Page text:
If you can contact the authors and ask under what name they want to be credited, it won't hurt if you do. In your case, I'd suggest contacting the authors through the "discussion" page of their user accounts.
If you don't get an answer, your only option is to just go with what you have. And it's a fairly safe assumption that if the author already signed their work with the name they used, then it is the name under which they want to be credited for it, or at least are fine with it.
It's the author's right to sign their work with their legal name or a pseudonym, and their choice should be respected. Sure, we're more used to pseudonyms for creative works than in the academic sphere, but it is possible to come across an academic work signed by other than the author's legal name. I know of a transgender scientist who published articles in academic journals under a name she wasn't yet allowed to legally assume at that point of transition. Not really the same situation, but technically, her real name (the name she identified with) would be understood as a pseudonym.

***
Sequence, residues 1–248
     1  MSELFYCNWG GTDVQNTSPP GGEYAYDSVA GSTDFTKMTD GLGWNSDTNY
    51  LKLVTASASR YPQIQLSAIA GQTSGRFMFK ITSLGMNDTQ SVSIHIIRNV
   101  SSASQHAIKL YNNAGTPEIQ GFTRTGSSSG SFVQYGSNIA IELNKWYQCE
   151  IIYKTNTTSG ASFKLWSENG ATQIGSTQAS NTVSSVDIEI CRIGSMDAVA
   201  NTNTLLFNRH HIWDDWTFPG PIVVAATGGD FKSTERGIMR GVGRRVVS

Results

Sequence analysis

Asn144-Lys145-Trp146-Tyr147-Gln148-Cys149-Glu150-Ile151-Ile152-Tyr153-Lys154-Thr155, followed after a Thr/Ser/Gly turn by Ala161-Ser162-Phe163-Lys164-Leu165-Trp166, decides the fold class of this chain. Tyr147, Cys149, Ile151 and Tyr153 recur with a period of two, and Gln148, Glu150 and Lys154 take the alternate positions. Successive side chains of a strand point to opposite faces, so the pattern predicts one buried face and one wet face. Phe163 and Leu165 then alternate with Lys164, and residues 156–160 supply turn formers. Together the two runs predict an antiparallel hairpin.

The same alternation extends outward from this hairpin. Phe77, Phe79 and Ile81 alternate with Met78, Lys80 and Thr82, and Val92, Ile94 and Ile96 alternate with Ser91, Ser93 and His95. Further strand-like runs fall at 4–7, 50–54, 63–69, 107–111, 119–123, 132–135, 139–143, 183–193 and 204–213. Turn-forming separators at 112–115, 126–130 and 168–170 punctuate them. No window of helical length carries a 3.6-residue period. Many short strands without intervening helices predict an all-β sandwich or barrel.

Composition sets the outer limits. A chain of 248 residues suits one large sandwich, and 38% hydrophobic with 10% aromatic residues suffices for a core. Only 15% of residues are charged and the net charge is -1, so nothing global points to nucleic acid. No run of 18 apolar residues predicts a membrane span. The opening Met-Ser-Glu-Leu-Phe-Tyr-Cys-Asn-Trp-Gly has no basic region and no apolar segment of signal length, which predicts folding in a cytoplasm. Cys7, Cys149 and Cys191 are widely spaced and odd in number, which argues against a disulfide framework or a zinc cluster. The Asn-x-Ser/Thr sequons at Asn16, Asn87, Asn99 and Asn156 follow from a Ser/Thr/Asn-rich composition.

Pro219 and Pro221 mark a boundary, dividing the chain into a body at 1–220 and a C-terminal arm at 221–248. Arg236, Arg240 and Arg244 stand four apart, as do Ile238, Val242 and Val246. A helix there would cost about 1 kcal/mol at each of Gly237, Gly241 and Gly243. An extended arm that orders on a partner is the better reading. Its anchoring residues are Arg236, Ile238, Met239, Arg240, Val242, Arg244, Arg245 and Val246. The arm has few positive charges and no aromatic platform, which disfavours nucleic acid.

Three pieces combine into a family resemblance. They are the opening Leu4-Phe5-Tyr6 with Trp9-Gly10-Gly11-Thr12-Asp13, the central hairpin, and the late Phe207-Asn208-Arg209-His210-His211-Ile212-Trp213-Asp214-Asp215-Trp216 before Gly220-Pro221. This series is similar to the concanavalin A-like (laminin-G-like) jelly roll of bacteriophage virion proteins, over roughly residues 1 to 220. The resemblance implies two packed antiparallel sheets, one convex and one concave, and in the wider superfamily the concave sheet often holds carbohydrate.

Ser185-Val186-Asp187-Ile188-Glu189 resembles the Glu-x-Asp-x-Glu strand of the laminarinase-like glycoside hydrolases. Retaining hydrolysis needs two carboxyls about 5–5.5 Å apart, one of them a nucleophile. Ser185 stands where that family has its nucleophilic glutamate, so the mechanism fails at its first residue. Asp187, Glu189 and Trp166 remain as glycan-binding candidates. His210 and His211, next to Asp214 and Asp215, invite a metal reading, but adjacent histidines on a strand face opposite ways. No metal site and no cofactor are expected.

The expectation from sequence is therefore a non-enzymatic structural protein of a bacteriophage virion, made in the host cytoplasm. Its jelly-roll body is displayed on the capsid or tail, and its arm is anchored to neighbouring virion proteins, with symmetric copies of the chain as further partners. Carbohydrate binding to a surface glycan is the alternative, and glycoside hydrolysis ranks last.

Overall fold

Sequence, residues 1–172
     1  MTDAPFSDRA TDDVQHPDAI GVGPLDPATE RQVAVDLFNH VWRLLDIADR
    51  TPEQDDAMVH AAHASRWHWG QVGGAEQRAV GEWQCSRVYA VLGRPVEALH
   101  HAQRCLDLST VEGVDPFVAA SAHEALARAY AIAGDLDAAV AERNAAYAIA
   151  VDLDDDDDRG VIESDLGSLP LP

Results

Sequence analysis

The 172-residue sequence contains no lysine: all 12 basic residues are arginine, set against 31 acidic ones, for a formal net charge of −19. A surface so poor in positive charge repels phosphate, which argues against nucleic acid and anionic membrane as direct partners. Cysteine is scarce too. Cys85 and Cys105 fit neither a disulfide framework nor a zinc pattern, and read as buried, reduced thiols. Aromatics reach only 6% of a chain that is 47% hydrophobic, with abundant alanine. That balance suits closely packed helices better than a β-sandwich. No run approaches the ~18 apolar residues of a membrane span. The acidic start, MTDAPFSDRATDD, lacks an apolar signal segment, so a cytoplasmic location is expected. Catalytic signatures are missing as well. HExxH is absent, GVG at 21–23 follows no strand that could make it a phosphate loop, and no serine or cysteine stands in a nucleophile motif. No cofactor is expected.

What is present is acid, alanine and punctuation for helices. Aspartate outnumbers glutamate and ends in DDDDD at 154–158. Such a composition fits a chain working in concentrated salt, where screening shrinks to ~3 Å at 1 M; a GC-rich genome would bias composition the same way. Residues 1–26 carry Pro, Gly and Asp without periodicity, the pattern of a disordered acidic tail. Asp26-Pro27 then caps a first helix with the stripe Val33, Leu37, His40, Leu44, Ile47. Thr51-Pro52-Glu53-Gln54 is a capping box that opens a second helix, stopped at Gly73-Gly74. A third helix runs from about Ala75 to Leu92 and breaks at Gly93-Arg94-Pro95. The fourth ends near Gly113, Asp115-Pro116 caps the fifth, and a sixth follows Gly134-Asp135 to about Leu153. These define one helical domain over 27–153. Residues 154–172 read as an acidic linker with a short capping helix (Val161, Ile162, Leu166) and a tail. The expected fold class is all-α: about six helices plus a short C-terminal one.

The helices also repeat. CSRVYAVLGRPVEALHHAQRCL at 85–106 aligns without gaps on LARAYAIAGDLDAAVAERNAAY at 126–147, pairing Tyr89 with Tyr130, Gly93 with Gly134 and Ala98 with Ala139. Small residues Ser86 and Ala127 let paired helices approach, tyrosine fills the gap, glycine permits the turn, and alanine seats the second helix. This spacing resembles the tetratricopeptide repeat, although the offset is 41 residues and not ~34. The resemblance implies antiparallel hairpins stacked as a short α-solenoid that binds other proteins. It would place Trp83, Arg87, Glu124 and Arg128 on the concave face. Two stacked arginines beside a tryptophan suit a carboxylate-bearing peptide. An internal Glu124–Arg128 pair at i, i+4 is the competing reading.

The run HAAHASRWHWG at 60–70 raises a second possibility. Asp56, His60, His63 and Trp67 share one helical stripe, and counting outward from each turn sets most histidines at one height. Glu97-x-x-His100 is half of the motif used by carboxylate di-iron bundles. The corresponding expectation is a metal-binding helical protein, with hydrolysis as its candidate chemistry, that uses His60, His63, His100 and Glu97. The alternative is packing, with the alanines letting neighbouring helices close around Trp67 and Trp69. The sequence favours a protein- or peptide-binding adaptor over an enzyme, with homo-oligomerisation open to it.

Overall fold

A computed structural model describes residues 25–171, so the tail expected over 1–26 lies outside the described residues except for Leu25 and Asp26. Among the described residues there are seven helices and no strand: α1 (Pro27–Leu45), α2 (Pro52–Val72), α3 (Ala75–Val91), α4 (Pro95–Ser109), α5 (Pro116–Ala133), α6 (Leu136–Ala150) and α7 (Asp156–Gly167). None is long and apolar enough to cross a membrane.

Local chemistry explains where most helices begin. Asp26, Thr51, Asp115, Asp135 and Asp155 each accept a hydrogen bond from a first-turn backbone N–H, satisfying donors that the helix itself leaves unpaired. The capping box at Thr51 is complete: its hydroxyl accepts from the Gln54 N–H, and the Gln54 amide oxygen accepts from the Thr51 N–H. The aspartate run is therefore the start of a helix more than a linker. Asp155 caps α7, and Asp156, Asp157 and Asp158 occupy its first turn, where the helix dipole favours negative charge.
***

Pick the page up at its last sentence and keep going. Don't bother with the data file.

And sure, it is going to seem unusual when the pseudonym is clearly not anyone's legal name but an internet username. But that doesn't make it wrong. What would be wrong is if you didn't credit the authors properly. So go ahead and give credit to Slashme, Patrick J. Lynch and Fvasconcellos.
It's perfectly legit.